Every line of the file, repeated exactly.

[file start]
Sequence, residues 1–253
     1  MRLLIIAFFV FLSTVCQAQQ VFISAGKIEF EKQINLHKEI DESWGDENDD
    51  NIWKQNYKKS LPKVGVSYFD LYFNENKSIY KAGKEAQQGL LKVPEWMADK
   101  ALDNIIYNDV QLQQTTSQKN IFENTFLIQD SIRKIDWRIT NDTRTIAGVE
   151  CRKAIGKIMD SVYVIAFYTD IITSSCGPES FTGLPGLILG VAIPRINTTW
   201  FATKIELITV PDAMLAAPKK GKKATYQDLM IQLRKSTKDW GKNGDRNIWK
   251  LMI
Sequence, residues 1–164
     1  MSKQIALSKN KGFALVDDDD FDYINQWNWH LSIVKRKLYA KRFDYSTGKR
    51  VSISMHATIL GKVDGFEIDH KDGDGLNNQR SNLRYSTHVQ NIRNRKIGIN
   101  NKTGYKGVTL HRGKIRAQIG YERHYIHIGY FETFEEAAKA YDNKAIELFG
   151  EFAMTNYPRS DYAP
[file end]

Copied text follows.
Sequence, residues 1–253
     1  MRLLIIAFFV FLSTVCQAQQ VFISAGKIEF EKQINLHKEI DESWGDENDD
    51  NIWKQNYKKS LPKVGVSYFD LYFNENKSIY KAGKEAQQGL LKVPEWMADK
   101  ALDNIIYNDV QLQQTTSQKN IFENTFLIQD SIRKIDWRIT NDTRTIAGVE
   151  CRKAIGKIMD SVYVIAFYTD IITSSCGPES FTGLPGLILG VAIPRINTTW
   201  FATKIELITV PDAMLAAPKK GKKATYQDLM IQLRKSTKDW GKNGDRNIWK
   251  LMI
Sequence, residues 1–164
     1  MSKQIALSKN KGFALVDDDD FDYINQWNWH LSIVKRKLYA KRFDYSTGKR
    51  VSISMHATIL GKVDGFEIDH KDGDGLNNQR SNLRYSTHVQ NIRNRKIGIN
   101  NKTGYKGVTL HRGKIRAQIG YERHYIHIGY FETFEEAAKA YDNKAIELFG
   151  EFAMTNYPRS DYAP